FIG. 8 illustrates a TEM (element 800), an ETEM (element 802), and a D matrix (element 804). Below is a description of TEM, ETEM, and D matrices for the fan-in communication structure (element 304). An additional five nodes (element 806) were added whose activities are unrelated to the first five nodes. The purpose of adding these nodes is to add noise to the system. The entries that have relatively large values are M15, M25, M35, M45, for all three matrices (elements 800, 802, and 804), which correctly correspond to the communication graph structure. The D matrix (element 804), however, is able to effectively remove confounding factors, suppressing the rest of the entries in the matrix. This is because most of the entries in the D matrix are zero, and the nonzeros entries that have relatively large values are consistent with the Fan-in graph. That is, entries D15, D25, D35, D45 correspond to the directed edges 1→5, 2→5, 3→5 and 4→5. The sampling rate is dt=0.1 second. The active probability of node 1 is 1%. The influence activity probability for 1→5, 2→5, 3→5 and 4→5 is 50%, mean delay 3*dt with distribution e−aΔt. The time series length is 3 hours. A communication pattern is a graph structure (e.g., element 304 in FIG. 8).
In FIG. 8, the labels 1 through 10 on the rows and columns of the matrices correspond to the node labels of the fan-in (aggregation) pattern (element 304) and the additional five nodes (element 806). Each node can represent a person or transmitter, or can represent an area. In this case, the communication time series of that area is the collective communication of all the persons or transmitters in that area. The TEM (element 800) is a 10-by-10 matrix, where each entry is a transfer entropy (TE) value. For example, the value of {row 1, column 5} represents the TE value from node 1 to node 5. A large value indicates the presence of a communication pattern from one node to another, and in this example, it corresponds to a directed edge going from node 1 to node 5 (element 304). Differences in TE values are indicated by differences in the pattern of the intersection (e.g., solid square versus horizontal lines). The different values in the matrices can also be represented by different colors. In either representation, the intersection of a row and column plus the pattern/color of the intersection shows the presence of a particular communication pattern between two parties. Thus, the pattern/color indicators (and any changes thereof) in the matrices can be displayed and used to alert a user of the occurrence of a particular communication pattern between persons or nodes.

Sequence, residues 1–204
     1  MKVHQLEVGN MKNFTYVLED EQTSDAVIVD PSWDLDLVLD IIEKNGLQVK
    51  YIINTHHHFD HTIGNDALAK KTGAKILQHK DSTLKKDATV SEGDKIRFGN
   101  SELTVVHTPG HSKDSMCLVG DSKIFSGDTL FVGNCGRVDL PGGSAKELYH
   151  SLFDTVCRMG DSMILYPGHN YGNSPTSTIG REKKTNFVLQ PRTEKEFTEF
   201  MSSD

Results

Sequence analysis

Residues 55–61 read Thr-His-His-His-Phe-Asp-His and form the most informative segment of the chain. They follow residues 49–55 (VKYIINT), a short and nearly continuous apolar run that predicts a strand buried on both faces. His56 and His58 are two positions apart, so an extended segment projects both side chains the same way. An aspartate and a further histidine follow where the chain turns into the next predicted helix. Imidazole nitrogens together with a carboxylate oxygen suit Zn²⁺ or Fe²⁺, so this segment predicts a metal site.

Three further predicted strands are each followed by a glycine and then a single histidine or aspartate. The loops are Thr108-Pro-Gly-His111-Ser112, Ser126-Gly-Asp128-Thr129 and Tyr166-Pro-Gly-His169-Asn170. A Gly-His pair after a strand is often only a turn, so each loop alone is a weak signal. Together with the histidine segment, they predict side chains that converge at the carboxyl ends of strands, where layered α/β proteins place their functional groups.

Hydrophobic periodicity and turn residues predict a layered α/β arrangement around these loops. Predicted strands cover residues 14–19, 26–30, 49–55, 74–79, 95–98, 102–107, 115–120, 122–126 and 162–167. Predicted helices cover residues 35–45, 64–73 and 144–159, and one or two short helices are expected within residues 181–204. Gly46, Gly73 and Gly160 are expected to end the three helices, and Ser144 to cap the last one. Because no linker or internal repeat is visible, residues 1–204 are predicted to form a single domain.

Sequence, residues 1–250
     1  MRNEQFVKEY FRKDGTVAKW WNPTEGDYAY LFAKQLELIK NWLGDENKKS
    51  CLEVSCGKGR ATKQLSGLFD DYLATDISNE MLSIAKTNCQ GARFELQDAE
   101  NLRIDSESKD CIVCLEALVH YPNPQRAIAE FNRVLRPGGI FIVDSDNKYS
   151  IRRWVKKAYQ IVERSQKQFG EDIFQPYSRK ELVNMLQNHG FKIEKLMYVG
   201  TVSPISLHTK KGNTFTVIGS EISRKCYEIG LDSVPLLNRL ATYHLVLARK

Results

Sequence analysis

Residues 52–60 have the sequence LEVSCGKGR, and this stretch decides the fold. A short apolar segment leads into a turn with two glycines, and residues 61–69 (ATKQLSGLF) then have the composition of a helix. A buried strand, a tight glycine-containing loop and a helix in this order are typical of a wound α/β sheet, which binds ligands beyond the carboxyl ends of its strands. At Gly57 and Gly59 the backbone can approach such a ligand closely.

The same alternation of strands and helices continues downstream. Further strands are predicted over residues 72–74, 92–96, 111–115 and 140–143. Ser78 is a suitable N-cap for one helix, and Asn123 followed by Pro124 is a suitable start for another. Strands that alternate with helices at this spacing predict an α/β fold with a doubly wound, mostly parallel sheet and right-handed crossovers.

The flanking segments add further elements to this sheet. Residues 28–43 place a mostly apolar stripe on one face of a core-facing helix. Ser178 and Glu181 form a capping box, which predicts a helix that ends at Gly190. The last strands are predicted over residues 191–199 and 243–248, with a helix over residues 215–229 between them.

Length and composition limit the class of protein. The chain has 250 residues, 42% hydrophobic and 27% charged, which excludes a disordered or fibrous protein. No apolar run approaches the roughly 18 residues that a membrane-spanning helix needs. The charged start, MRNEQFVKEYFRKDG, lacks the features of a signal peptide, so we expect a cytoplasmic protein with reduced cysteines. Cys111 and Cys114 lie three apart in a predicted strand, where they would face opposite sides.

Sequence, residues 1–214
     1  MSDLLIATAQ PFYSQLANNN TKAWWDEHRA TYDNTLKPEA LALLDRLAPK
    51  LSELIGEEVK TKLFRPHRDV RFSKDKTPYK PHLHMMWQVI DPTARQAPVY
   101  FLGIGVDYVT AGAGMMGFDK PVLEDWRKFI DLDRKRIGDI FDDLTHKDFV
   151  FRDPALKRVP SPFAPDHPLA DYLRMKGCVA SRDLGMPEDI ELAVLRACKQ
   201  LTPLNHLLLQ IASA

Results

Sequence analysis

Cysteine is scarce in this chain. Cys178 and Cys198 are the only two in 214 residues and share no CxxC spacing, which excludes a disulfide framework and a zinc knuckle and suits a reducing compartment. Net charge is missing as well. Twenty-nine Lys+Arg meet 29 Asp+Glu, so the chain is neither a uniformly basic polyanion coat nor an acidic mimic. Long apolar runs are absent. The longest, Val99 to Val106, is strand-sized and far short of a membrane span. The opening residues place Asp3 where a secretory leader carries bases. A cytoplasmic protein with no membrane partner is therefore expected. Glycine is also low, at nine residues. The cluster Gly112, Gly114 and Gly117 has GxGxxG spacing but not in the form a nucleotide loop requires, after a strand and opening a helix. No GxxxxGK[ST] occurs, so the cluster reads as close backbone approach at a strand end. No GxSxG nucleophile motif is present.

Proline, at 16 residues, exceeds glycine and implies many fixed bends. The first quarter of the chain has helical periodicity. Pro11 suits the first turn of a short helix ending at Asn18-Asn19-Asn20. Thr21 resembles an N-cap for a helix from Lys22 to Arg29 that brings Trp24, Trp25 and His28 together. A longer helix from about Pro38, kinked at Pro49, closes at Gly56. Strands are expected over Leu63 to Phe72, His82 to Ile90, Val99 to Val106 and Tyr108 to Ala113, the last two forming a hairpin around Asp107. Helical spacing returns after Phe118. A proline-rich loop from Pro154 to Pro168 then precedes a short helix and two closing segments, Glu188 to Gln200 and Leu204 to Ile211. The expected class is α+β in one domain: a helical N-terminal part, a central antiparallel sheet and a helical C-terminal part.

(3.4) Experimental Studies
(3.4.1) Number of Samples Needed to Discover the Structure
Below is a description of the fan-out structure example (also with additional five nodes as noise) and shown in FIG. 9. As more samples are accumulated over time, the dependency matrix D converges after a short time and converges correctly to the fan-out structure, where the entries D12, D13, D14, D15 have relatively large values. The D matrix is used to represent the adjacency matrix of a graph. At time 00:28:00.10 (later time), the D matrix has relatively larger values in entries D12, D13, D14, D15 (which correspond to the directed edges 1→2, 1→3, 1→4, 1→5) and either smaller values or zero everywhere else. Non-limiting examples of specifications of the ten simulated time series according to the fan-out structure are 3 hours of data, sampling rate dt=0.1 second, node 1: active probability=1%, and 1→2, 1→3, 1→4, 1→5 active probability=50%, mean delay 3*dt with distribution e−aΔt.